A core component of the ALL-EMA method is the collection of biodiversity data via habitat mapping.
Determining Habitat Type
The recording of habitat types is of primary importance for the ‘monitoring’ target. This means that the declines and increases in individual habitat types as well as differences between regions can be statistically proven for the greatest possible number of habitat types.
The habitats are defined according to the existing ‘Habitats of Switzerland’ typology of Delarze et al. (2008), which has become established as the standard in national projects such as Biodiversity Monitoring Switzerland, as well as in the central databases of InfoFlora and InfoFauna. Delarze et al. (2008) distinguish 174 different habitat typologies at association/community level (e.g. low-input permanent meadow).
The ALL-EMA project distinguishes 86 habitat types associated with the open agricultural landscape. A botanic key for the reproducible determination of these habitat types was developed in cooperation with Hintermann & Weber AG and further external experts. The determination is conducted in accordance with the plot sizes for vegetation surveys in Biodiversity Monitoring Switzerland on standardised circular plots of 10m2. The key has been tested in single and double mappings by botany experts.
Quality of Habitats
The mere determination of habitat type allows initial conclusions to be drawn as to the range of species diversity on a particular site. Within the habitat types, however, substantial qualitative differences often exist at different sites.
To allow us to record and assess habitat quality, individual lists with 25 plant species each were developed in consultation with experts for a majority of the habitat types. These lists are used to rate quality in the field; with them, a complete vegetation survey is unnecessary.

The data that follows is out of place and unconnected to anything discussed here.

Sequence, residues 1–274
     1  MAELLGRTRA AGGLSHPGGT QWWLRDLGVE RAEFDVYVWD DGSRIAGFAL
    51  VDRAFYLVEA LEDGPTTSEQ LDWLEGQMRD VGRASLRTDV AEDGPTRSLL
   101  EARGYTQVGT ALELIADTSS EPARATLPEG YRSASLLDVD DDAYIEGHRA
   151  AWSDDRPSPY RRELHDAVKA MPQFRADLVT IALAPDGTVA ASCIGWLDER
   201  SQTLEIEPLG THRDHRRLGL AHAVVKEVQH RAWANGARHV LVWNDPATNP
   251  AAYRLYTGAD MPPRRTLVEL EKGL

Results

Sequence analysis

The biological diversity of various species groups depends on the presence of specific structural elements in the landscape. In order to carry out the area-wide survey of woody structural elements, aerial images are analysed stereoscopically. For this, areas outside of the open agricultural landscape (forests, bodies of water, residential areas) are first masked out in the survey squares. After submission of the categories of land-use statistics, hedgerows and copses, individual trees and groups of trees, as well as individual clumps of shrubs and groups of shrubs are differentiated accordingly within the remaining open agricultural landscape.
The selection of structural elements to be recorded in the field is based on experience of national programmes such as the Inventory of Dry Grasslands and Pastures, land-use statistics, the Direct Payment Ordinance’s directives on low-impact pastures, and expert knowledge. Said structural elements are surveyed in the field on the same sample raster as the habitat types, on an area of approx. 200m2.
In addition to the structural surveys, surveys of the invasive neophytes are carried out within the same radius.